October 3, 2008

Hollywood Hero

Weekend Fest, Major Exhibit Honor John Wayne

By Cristy Lytal

A century after his birth, one of the great icons of Hollywood and America was back on center stage when USC celebrated the legacy of John Wayne with a three-day film series, panel discussions and the kickoff of a four-month exhibition of the Duke's life and times.

USC celebrated the legacy of John Wayne with a three-day film series and on-going exhibition.
The weekend extravaganza, which featured 10 titles ranging from Stagecoach (1939) to The Shootist (1976), began on Friday, September 26 and culminated on Sunday with a reception in Queen's Courtyard and appearances by Wayne's family members, film scholars and Hollywood colleagues.

Speaking to the throngs of students and fans packing Frank Sinatra Hall, Dean Elizabeth M. Daley told the story of how Wayne, born Marion Morrison in 1907, came to USC in the mid-1920s. Majoring in pre-law, playing football, and serving the community as a member of the Trojan Knights and the Sigma Chi fraternity, the 6-foot, four-inch Wayne cut a dashing figure on campus before he launched into a career as one of the biggest movie stars of all time.

"Whether it was training Marines in Sands of Iwo Jima or riding across the forbidden wilderness of Monument Valley in Stagecoach, he was the model of courage and resolve that defined the American spirit," said Daley.

During the discussion that ensued, moderator and SCA professor Leonard Maltin and five panelists—Wayne's daughter-in-law Gretchen Wayne, filmmaker Mark Rydell, actresses Stefanie Powers and Lee Meriwether, and screenwriter Miles Swarthout—reminisced about the man behind the myth. "He was very emotional," revealed Gretchen Wayne. "He could cry easily."

SCA Professor and film critic Leonard Maltin, Gretchen Wayne, director Mark Rydell, actresses Stefanie Powers and Lee Meriwether, and screenwriter Miles Swarthout shared memories of actor John Wayne.

But the other panelists remembered Wayne more for his easygoing humor. During The Cowboys, Rydell shouted at Wayne for starting a scene before the cameras were rolling. "I felt like he was taking over the picture," Rydell admitted. That night, over a leisurely dinner, the actor did everything he could to put his young director at ease. "Wayne said, 'Excuse me, I have to go to the bathroom,'" Rydell recalled. "He came back, and the whole side of his pants was wet. I said, 'What happened?' He said, 'It always happens to me. I'm standing at the urinal, and some guy [turns to me and] goes, 'You're John Wayne!'"

Wayne's humor also served him well when Harvard's Hasty Pudding comedy troupe gave him a pejorative award for his conservative political stances during the Vietnam War. "He entered the campus of Harvard University in a tank, which he borrowed from the National Guard," said Powers, who costarred with Wayne in McLintock!  "And of course, they fell in love with him, as you could."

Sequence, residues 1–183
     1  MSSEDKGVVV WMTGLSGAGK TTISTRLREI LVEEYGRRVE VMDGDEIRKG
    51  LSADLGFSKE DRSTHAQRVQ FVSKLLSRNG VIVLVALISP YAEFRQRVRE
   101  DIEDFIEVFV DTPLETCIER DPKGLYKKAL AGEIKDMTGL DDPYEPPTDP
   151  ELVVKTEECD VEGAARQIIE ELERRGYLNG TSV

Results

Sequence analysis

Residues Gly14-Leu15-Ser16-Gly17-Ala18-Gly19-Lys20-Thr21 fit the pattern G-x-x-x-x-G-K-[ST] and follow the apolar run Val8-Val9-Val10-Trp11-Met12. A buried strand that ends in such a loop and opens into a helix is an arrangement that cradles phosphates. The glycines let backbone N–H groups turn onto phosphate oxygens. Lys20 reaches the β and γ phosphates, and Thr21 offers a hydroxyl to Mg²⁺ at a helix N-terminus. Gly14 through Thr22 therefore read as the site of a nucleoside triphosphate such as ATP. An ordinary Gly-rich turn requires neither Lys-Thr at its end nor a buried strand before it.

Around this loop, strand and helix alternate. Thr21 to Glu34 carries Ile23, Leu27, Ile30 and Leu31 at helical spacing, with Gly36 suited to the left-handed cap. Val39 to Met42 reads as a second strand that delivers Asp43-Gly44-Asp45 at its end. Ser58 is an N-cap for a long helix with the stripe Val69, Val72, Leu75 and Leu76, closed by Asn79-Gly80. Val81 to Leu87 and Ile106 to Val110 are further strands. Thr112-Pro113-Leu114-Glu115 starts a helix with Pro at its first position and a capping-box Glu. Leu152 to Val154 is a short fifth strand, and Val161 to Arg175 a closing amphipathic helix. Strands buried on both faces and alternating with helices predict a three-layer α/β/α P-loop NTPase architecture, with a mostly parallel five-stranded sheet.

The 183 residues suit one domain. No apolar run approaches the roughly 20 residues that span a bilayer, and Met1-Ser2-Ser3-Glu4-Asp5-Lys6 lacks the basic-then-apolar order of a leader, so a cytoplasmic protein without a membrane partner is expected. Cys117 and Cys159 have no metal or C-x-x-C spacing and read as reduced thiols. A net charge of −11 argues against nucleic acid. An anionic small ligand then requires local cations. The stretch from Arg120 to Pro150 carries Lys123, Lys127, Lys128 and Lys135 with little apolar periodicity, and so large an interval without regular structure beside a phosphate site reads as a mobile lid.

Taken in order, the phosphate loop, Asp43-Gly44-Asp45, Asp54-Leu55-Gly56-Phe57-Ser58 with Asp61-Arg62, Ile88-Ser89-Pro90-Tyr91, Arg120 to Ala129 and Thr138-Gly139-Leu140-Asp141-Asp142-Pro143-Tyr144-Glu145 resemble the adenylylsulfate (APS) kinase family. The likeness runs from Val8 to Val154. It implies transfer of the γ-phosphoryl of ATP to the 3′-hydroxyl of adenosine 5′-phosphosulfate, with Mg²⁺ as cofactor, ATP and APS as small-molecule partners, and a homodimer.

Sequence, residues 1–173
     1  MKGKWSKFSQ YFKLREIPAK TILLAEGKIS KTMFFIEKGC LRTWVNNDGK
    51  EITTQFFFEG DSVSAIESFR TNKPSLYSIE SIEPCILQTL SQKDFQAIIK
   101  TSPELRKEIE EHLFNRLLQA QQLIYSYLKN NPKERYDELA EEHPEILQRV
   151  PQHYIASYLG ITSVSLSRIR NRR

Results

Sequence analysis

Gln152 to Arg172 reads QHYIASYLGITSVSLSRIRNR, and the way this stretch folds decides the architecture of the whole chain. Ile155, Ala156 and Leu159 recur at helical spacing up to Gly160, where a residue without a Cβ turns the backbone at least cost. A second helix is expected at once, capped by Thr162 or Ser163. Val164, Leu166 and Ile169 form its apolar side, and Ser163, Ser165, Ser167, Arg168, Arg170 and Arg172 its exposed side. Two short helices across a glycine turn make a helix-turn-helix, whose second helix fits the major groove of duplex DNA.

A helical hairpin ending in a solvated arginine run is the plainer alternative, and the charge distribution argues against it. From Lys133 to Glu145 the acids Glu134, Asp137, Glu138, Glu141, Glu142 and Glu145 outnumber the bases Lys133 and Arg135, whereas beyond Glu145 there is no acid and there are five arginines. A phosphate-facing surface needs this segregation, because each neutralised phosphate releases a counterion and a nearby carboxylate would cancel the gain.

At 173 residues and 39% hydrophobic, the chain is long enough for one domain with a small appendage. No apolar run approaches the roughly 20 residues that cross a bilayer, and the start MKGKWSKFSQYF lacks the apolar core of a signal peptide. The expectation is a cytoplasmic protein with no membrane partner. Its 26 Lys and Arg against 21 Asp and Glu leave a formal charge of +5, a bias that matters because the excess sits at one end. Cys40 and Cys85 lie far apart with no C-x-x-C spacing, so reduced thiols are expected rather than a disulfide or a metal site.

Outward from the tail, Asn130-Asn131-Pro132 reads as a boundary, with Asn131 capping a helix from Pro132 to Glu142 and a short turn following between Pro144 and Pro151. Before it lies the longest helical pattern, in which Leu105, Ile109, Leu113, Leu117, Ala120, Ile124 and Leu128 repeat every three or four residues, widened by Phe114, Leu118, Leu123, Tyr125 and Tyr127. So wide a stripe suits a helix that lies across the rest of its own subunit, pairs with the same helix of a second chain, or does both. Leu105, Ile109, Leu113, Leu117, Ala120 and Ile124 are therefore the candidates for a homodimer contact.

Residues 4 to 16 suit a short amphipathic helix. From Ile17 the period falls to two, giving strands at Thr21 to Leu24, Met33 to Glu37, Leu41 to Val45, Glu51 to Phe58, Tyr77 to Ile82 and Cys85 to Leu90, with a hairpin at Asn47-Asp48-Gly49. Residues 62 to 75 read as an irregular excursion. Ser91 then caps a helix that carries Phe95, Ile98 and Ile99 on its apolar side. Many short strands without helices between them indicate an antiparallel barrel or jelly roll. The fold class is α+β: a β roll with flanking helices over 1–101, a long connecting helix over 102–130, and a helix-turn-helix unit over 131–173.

"Being politically conservative, Wayne's opinions proved upsetting to many, especially during the turbulent 1960s and '70s," said Professor Rick Jewell, who, in addition to being an expert on American film, was one of the main organizers of the weekend event. "But even those who disagreed with the man generally respected him because it was obvious that he cared passionately about his country and its people."

When it came to his work, Wayne was equally passionate. "What impressed me was his professionalism," said Meriwether. "He was co-starring with Rock Hudson [in The Undefeated ], and I had never seen two giant men—in stature and in personality and in their standing in the business—that worked so hard to be the first one on set when called. They knew each other's lines. Literally, one take."

Wayne continued to give his all during his final and 171st film, The Shootist. "His health was so shaky that the producers had to pay a doctor under the table money to get him physically insured for the motion picture," Swarthout said. "He did say to one journalist, giving an interview, he said, 'The irony of this motion picture gets to me.' I mean, he's playing a legendary gunfighter or cowboy hero who is dying of cancer, and he was dying of cancer at the time, and he knew it."

In the interests of passing the legacy of Wayne and other cinema icons on to future generations, Gretchen Wayne presented the inaugural Michael Wayne Film Preservation and Restoration Fellowship to second-year Ph.D. candidate Taylor Nygaard, who works in the Warner Bros. Archive at USC.
Gretchen Wayne presented the inaugural Michael Wayne Film Preservation and Restoration Fellowship to SCA Ph.D. student Taylor Nygaard.

"This fellowship is really great, because the resources that were allocated to pay my salary are now free to be used for projects at the archive," said Nygaard. "Right now, we're trying to figure out how we can digitalize a lot of what's there and make it available online for scholars. We stumble across some great pictures. There's one of John Wayne, actually, in a bathtub smoking a cigar."

Sunday was also the kickoff of the exhibition "Duke: The Life and Legend of John Wayne," located in the David L. Wolper Center in the lower level of Doheny Memorial Library. The collection, which features artifacts and memorabilia from Wayne's Batjac Productions and the Hugh M. Hefner Moving Image Archive at the school, is open to the general public and will run until February 6, 2009.